A Co. Limerick dairy farmer has now poured €46,000 worth of milk into a slurry tank due to a dispute over hedge cutting.

“This is going to break me. I can’t do a thing about it because I was prosecuted for an offence I never committed. I’m sticking it out. I’m not cutting the hedge. No way am I cutting the hedge,” said Robert Hickey, of Carrigmartin, Ballyneety.

The situation dates back to last August when he received a note from a driver for his milk processor.

It read: “Last collection ‘til bushes cut back.” 52-year-old Hickey had received previous warnings that his milk collection would stop unless the ditch was trimmed.

Hickey wrote to Limerick City and County Council in March, 2021, to inform them of the “excessive overgrowth and encroachment of the roadside hedge along the public road leading to my property”.

“I request that Limerick County Council immediately cut back and trim this roadside hedge to allow the dairy truck to be able to access my farmyard and collect the milk,” he wrote.

The council has previously indicated that the cutting of hedgerow is the “responsibility of the landowner and he can carry out this activity outside of the bird nesting season annually”.

Hedge cutting

Hickey has consistently argued that this “contradicts” what a council employee said in a court case where Hickey himself was prosecuted.

During the hearing in 2018, the council employee said the council takes the view that it is responsible for the “surface and margin” of all public roads “in as far as the roadside ditch”.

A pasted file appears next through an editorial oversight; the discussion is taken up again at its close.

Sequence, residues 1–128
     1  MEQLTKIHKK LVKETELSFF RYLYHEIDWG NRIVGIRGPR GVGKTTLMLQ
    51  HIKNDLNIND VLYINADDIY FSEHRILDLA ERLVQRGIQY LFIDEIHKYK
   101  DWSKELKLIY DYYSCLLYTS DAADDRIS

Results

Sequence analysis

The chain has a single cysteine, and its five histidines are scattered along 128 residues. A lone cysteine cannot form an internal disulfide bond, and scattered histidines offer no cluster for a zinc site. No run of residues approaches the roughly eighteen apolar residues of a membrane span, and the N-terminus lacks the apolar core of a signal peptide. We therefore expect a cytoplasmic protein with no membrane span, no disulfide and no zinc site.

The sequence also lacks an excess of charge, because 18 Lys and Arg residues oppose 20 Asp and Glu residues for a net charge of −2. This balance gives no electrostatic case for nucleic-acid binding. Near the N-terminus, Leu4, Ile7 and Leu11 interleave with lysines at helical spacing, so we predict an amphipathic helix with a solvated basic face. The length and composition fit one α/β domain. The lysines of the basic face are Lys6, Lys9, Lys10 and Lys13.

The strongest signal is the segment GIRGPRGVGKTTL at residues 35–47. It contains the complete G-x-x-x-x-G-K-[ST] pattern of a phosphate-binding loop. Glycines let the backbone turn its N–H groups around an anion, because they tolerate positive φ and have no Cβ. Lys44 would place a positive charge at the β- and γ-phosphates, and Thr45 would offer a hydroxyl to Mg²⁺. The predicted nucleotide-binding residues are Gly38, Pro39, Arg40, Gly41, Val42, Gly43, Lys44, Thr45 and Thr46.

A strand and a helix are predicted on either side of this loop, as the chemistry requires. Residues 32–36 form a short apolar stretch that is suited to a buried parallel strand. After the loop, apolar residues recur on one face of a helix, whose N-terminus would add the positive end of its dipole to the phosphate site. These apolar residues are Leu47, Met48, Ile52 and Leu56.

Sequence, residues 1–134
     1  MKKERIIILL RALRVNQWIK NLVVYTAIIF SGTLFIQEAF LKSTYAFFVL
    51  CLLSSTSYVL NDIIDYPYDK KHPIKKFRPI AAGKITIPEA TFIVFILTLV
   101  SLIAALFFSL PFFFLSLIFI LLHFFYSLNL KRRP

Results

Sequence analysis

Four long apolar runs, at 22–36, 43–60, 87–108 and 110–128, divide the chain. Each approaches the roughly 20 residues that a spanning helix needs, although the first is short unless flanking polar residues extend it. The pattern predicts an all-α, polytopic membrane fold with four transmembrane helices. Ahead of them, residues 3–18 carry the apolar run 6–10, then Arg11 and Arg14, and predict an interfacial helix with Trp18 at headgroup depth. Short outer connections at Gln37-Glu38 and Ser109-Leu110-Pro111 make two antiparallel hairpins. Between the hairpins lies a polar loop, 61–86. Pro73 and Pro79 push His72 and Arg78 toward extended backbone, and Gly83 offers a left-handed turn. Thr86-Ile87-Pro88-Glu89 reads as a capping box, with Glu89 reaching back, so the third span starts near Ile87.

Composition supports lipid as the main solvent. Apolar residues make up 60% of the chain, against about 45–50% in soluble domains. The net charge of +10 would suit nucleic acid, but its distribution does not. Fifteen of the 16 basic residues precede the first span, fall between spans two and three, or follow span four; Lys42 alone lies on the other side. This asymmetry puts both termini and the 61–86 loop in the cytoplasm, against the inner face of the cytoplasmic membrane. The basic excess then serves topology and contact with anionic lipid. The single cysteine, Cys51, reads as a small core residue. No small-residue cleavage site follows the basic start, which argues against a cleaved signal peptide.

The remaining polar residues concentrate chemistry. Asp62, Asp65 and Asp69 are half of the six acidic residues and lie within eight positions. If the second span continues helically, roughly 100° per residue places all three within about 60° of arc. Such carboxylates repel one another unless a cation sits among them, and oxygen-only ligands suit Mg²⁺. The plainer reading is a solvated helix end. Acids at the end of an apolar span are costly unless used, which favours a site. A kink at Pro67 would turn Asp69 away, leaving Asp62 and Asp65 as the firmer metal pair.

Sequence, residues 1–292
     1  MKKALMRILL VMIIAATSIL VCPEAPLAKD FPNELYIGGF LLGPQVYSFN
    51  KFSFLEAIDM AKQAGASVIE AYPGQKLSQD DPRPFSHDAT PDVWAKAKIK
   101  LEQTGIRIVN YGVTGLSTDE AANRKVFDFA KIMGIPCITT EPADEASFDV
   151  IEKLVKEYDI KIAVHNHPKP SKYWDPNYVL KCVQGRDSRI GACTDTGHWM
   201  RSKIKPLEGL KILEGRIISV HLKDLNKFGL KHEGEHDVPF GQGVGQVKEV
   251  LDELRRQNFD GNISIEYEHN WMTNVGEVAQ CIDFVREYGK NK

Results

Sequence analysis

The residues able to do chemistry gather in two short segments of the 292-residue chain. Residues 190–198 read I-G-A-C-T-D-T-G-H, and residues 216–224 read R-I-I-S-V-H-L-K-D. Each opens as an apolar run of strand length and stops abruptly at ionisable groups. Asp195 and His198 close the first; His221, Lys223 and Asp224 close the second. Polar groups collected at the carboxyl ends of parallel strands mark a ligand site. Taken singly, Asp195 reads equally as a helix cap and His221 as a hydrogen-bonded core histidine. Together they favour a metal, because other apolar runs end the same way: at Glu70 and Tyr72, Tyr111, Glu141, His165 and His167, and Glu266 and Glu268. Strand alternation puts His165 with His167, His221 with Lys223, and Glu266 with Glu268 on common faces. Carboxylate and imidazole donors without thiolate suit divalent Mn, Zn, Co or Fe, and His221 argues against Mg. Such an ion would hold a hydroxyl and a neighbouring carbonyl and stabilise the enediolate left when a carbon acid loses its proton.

Hickey’s position is that the hedge “is in the charge of the council as was stated in court”.

In recent weeks, Hickey said he found a letter sent to him from a council engineer in 2016.

The letter states: “The road is public for 17 perches from the main road. One perch = 5.5 yards = 5.029m, so 17 perches = 85.496m.”

Hickey contends that this also proves that it is a public road so it is in the charge of the council and they should be cutting it.

However, a council spokesperson said: “We have nothing more to add.”


In recent weeks, the farmer said council workers have cut the hedge on the main road.

“They even cut around signs that I have put up and about 12ft in the public road leading to my property. They stopped there. It would have taken them less than an hour to cut it all,” he claimed.

So the stalemate continues and the farmer continues to pour his cows’ milk into a slurry tank.

“It’s €46,000 now I’ve lost out on. I’m milking 24 cows. I don’t even turn on the bulk tank, it goes straight into the slurry pit,” he said.

“I have no fertiliser bought because I couldn’t buy it because I had no money to buy it at the price it is making. I only have slurry on the silage ground.

“This is going to drive me out of farming. We are here all our lives farming. My father bought the farm in 1957.

“If you don’t stand your ground, you may as well walk away. I won’t let these people walk down on top of me,” he concluded.